Lowe Roche to close its doors

After 24 years, the shop has been closed by IPG, citing difficulty to provide the range of capabilities demanded by clients.
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Toronto’s Lowe Roche will be closing its doors by the end of 2015 after 24 years.

A spokesperson from Interpublic Group confirmed the news, providing the following statement:

“We are planning for Lowe Roche to close its doors by the end of this year. While never an easy decision, clients are asking for creative marketing solutions that work across a variety of channels, including emerging technology, data and analytics. The critical mass and greater range of capabilities required by agencies to meet those challenges have become increasingly important, and are driving this decision. We understand and respect the tradition of creativity and innovation that lived for many years at Lowe Roche, and are looking to find opportunities for its clients and employees at other IPG agencies in the market.”

The spokesperson added that recommendations have been made to Lowe Roche’s clients to direct their business to other IPG agencies in Canada, which include FCB, MacLaren McCann and Marketel. Efforts are underway to relocate current staff, which has numbered between 30 and 50 people in recent years, to those other agencies, though the success of that will largely depend on if clients do decide to keep their business within IPG.

When contacted, co-president and chief strategy officer Jeff Dack echoed the sentiments in IPG’s statement.

The news comes after a tumultuous beginning to 2015, when it was announced Monica Ruffo, the agency’s then-CEO, had left, though no exact reason was given for her departure. Ruffo had taken over the position in 2011, when the agency’s founder Geoffrey Roche decided to step down.

Roche himself says that the agency that bears his name will leave a legacy of fostering the careers of many talented creatives and a number of awards (including several wins at strategy’s Agency of the Year), but says its operations have been faltering since its acquisition by IPG.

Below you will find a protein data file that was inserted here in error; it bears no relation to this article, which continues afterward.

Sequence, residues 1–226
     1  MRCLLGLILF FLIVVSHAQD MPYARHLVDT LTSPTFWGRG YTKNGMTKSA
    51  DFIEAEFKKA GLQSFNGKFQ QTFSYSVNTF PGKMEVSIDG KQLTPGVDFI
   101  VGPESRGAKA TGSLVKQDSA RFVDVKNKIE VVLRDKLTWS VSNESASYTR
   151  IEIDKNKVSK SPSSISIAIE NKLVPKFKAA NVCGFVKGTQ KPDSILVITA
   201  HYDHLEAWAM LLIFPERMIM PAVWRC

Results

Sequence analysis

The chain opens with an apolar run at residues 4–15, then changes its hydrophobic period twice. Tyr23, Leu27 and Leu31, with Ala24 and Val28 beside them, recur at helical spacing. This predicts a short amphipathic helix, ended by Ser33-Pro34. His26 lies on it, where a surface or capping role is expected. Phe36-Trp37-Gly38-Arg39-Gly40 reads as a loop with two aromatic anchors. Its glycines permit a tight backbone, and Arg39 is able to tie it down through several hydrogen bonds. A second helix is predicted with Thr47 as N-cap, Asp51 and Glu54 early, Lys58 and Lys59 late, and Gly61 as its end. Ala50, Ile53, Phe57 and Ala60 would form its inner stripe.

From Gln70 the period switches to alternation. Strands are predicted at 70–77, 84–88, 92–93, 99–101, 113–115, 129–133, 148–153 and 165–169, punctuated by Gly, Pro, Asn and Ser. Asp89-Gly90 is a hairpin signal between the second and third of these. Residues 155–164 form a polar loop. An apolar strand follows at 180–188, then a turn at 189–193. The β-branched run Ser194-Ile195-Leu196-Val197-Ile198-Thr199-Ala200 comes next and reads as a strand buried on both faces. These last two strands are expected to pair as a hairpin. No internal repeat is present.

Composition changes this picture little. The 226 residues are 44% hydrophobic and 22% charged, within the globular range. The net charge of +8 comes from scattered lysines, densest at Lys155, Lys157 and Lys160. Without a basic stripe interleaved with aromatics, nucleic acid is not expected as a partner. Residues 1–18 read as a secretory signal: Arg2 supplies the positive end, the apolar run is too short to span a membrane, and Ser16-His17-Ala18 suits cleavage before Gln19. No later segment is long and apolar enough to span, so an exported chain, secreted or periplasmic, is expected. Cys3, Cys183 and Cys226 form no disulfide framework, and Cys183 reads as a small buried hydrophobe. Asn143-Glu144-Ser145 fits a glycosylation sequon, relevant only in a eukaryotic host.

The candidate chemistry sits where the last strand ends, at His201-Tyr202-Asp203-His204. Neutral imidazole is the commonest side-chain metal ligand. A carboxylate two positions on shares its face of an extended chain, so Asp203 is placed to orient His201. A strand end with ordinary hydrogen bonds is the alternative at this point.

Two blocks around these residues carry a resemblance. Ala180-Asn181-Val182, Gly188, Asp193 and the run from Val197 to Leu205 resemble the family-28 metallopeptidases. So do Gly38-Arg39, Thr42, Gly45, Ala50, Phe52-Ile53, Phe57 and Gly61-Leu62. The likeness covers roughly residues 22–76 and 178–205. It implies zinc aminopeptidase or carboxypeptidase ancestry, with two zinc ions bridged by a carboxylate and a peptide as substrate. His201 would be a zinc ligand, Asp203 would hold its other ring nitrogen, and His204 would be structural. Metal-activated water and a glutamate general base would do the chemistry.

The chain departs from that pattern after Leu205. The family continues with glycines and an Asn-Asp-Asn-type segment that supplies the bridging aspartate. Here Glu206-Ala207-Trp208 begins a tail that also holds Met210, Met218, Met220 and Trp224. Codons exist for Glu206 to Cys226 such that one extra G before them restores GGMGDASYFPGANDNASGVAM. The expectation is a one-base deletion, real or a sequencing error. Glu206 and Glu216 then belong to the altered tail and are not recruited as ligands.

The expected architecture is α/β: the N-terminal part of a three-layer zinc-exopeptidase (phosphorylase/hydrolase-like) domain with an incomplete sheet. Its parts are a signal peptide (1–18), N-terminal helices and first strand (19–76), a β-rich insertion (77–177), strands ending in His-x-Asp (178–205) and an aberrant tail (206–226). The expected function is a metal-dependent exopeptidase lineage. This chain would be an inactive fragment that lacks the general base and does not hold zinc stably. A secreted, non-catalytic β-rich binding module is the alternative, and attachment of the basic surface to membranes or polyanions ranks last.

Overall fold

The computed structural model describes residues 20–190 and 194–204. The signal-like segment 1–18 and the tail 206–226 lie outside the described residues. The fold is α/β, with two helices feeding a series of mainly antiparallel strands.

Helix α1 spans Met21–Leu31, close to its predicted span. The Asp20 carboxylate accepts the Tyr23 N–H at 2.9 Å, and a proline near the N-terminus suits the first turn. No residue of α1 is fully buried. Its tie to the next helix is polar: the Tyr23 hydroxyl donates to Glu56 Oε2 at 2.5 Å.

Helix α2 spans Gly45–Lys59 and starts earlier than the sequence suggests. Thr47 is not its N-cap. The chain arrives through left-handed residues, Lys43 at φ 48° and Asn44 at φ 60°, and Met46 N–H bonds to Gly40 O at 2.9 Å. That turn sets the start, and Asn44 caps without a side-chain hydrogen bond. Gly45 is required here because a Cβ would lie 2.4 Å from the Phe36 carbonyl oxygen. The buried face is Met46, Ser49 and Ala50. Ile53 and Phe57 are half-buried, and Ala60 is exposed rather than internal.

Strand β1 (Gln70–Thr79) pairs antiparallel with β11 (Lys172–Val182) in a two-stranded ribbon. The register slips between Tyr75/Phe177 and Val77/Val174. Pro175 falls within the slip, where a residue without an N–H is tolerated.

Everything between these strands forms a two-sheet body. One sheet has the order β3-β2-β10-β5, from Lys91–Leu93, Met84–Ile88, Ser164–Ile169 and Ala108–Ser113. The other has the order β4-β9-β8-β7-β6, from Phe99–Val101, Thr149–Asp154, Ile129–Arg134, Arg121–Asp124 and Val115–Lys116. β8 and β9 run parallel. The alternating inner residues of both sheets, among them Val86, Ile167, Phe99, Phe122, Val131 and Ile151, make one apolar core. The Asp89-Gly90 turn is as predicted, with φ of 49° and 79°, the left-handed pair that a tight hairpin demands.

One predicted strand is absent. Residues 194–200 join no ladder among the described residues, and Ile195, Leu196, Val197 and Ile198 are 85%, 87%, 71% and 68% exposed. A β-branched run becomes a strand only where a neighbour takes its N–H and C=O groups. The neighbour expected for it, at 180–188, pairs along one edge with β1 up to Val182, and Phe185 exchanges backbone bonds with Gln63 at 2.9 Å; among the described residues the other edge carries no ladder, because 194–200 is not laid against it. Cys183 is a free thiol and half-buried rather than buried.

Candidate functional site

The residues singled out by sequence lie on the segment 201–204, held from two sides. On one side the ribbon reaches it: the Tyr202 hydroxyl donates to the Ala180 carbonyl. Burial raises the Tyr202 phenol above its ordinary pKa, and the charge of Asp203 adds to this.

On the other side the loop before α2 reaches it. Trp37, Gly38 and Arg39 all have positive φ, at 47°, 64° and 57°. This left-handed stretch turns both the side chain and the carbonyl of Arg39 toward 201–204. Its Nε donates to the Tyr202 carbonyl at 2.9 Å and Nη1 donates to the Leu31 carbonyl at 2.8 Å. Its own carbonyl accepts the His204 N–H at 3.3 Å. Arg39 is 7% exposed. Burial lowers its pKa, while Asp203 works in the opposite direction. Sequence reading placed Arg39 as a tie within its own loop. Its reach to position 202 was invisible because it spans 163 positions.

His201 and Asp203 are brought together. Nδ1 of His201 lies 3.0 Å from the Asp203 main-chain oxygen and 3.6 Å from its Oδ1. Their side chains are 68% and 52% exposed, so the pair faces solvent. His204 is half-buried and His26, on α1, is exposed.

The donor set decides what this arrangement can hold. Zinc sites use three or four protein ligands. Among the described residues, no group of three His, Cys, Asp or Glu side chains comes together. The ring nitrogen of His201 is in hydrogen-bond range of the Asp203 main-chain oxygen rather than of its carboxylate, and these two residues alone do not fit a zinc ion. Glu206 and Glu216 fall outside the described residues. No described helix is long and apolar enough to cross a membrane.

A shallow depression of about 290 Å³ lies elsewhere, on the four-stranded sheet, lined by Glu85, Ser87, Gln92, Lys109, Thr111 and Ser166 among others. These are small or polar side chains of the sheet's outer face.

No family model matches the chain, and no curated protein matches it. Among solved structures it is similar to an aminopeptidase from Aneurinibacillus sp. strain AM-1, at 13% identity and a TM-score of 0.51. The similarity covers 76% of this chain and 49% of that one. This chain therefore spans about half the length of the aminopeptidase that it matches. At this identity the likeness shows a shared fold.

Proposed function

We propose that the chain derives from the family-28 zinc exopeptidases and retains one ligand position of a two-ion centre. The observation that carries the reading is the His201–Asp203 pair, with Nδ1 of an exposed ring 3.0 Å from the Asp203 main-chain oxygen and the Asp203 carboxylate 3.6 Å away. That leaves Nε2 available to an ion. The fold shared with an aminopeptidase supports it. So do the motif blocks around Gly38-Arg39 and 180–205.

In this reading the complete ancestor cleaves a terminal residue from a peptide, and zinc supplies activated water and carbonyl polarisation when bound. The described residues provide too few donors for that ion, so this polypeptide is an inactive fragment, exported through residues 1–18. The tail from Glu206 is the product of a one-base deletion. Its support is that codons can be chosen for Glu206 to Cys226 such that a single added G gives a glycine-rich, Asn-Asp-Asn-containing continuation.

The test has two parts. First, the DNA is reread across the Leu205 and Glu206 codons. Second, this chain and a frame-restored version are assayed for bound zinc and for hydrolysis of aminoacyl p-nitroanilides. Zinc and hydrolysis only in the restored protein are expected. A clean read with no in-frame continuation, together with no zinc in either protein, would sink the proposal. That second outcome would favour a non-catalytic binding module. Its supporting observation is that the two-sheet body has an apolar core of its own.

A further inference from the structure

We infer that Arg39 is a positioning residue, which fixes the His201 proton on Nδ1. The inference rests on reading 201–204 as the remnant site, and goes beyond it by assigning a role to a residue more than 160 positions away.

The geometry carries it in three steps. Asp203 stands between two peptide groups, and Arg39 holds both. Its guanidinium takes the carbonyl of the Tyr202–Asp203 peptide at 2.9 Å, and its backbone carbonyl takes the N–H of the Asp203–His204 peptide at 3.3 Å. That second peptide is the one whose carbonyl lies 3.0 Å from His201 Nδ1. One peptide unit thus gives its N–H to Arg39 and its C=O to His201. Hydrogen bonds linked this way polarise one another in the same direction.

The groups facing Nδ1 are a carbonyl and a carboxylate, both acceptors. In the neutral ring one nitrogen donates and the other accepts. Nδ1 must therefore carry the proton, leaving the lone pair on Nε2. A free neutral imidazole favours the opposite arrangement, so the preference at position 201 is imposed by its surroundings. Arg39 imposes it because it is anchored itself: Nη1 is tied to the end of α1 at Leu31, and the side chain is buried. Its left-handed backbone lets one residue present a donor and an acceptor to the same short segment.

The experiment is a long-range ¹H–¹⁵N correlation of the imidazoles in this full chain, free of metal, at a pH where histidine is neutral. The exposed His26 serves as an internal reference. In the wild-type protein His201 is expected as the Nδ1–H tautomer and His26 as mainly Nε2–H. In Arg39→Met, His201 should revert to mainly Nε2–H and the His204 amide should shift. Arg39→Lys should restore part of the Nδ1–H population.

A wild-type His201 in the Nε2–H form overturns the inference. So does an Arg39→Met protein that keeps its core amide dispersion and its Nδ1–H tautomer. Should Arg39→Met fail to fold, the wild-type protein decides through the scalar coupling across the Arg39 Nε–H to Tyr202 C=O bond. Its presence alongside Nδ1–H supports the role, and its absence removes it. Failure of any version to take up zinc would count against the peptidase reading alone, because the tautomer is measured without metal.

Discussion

“Certain multinationals are acting like unskilled bakers, folding everything into everything, hoping that’ll make a great cake,” he says, pointing to recent mergers and agency absorption. “They’re trying to downsize them as much as they can, and without a pretty dramatic rethink of what they’re doing, I think that’s a tough business for people at these agencies to make a go of. Especially when the philosophy seemed to be if it’s not working after more than two meetings, then close it.”

Roche places the fault for the closure on IPG, and not on the management team that took control of the agency following his departure.

“This is a thing that was broken three years ago, not recently,” he says. “To be perfectly frank, I think they completely screwed it up because they had no desire to use it as an opportunity to test a lot of different ways to repurpose an agency for today’s Canadian market. And IPG thought they knew better from New York. People will ask why I didn’t stay, and my response is that I didn’t think I could do it under control of IPG.”

In April, managing partner Marie Lise Campeau and Dack were both promoted to co-president positions to take over management of the office. Within a week of that announcement, the agency laid off an undisclosed number of staff, including ECD Jane Murray and its full financial team. The agency also lost ACD Gail Pak to Zulu Alpha Kilo in July.

The move also comes after a number of changes on the global front to parent company Lowe and Partners by IPG, including merging it with Mullen in the U.S. to create Mullen Lowe Group.

Ed note: this story was updated on Sept. 16.